I work as an interpreter and the two languages I speak other than English were learned in two very different ways. If we include English, then there were three ways. I won’t extol on the many different theories of language acquisition as the majority of them have already been mentioned and the truth is that these concepts are esoterically masturbatory because not every human who is able to use language is a linguist. In other words, I do not need to know the molecular arrangement of the silica of which the chip that is the brain of my computer is composed in order to use my Mac.
I learned English organically in the way that all children exposed to language take in the code that is used in their little slice of the human experience. The avenue for language acquisition is open (years 3ish through 7ish) and the data is written in that area of the human hard drive designed for it. The language becomes part of the OS used by my brain and I do not have to think about the words that frame the thoughts they represent. The words just come. Automatically. I cannot really explain how it happened, because like anyone else, I was just a child and I was not trained in the language if linguistics. It was not like I was thinking, “Oh, this verb is transitive and the prepositions that accompany the verb are this, and this, and this. The nouns connected with those prepositions will be in the dative case in these situations and under a few special circumstances, the case will in fact be the genitive, and there are at least two orphan phrases using the verb where the instrumental is used.”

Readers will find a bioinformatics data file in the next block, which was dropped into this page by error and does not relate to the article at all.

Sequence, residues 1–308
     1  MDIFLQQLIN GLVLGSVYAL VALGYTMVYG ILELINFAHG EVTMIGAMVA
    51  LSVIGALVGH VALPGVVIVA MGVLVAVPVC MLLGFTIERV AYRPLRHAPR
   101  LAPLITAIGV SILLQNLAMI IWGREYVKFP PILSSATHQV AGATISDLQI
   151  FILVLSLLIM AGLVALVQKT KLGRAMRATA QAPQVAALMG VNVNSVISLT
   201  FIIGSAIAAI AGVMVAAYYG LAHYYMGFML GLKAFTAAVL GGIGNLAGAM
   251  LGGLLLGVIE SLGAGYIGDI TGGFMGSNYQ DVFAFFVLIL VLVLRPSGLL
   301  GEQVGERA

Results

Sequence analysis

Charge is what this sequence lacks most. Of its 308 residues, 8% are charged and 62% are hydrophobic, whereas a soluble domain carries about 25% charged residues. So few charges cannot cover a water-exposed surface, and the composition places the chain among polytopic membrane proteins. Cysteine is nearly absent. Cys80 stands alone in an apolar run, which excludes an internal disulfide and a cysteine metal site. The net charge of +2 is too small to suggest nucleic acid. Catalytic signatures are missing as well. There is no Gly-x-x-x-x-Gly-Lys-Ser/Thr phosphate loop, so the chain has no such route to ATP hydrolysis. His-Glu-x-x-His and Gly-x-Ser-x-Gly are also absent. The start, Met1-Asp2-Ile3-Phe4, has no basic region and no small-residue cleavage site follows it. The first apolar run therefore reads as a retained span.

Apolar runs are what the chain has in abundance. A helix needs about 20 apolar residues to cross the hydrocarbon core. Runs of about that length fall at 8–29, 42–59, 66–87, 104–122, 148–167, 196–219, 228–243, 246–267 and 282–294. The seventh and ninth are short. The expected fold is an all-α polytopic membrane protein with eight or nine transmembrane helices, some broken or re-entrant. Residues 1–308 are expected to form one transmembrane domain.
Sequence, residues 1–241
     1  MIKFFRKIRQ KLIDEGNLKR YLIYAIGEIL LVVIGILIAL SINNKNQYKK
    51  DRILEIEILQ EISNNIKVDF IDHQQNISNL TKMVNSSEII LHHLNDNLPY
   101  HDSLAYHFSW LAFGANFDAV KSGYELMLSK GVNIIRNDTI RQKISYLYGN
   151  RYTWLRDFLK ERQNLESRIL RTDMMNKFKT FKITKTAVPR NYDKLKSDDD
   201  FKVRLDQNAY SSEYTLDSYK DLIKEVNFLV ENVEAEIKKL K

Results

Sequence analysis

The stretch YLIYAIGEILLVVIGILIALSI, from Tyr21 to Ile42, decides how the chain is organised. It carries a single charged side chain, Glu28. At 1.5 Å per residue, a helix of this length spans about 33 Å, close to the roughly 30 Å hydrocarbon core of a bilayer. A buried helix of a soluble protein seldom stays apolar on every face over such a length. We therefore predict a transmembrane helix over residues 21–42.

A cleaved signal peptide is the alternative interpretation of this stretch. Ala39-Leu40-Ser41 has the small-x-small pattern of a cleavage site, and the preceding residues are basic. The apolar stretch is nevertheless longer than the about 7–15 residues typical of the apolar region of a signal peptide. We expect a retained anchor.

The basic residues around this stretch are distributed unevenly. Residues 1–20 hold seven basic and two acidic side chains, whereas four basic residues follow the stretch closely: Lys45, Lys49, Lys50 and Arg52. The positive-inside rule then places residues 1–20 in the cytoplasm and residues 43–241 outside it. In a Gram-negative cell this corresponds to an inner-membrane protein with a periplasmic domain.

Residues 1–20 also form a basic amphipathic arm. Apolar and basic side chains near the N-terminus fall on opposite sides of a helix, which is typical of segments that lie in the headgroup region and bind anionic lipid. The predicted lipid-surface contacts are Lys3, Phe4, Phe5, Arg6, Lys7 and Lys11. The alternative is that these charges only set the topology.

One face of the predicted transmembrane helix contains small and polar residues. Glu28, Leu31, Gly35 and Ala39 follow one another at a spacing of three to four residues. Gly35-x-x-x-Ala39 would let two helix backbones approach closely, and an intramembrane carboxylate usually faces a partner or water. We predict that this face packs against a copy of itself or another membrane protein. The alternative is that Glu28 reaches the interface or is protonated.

I learned Russian at the hands of Uncle Sam at The Presidio of Monterey Defense Language Institute, Monterey California, in the late 80’s. It was grueling. Huge lists of words had to be consumed daily and it was only after seven or eight months of attending six hours of class, five days a week, nothing but Russian, did I begin to dream in Russian and start having difficulty writing with Latin script. At the end of the year long course, I found it next to impossible to write a cheque without having the young lady working the cash register say to me, “English, sweetie. English.” It was a difficult manner in which to learn a language and the only saving grace was that we were, all of us, learning the same language at the same time; thus, we spoke Russian amongst ourselves and created a little Moscow enclave.
Though I am Puerto Rican by birth, I was not raised speaking Spanish. I understood it with a fair degree of fluency, but the understanding was passive, not active. I could take in the information and relate it to what it meant in English, but I was unable to produce it with any amount of fluency. This is a common phenomenon with second generation immigrants. Difficult to explain. I moved to Puerto Rico five years ago and was tossed into the deep end, so to speak. It was a sink or swim situation. Linguists will argue that after about age seven, the route for language acquisition is closed and no amount of force will reopen it. I disagree in the extreme. I find it amusing that most people who study applied linguistics are themselves rarely polyglots. In fact, they usually rankle when they mention being linguists and the response they get is, “Really? Wow. How many languages do you speak?” Anyway… After about three years, I noticed that my Spanish was coming with fluidity. I noticed that I was not translating in my mind from Code X to Code Y in order to speak it. Each code was coming from the same nebulous area I call Concept. Now I speak Spanish without thinking about it. The words just come. I used to say, “In English I say what I think. In Spanish I have to think about what I’m going to say.” That is no longer the case.
But none of this waxing answers the OP’s question. My answer to the actual question is: immersion therapy. Nothing beats the exclusion of other codes, and the inclusion of need-based use to hammer a language into the right place on the old hard drive.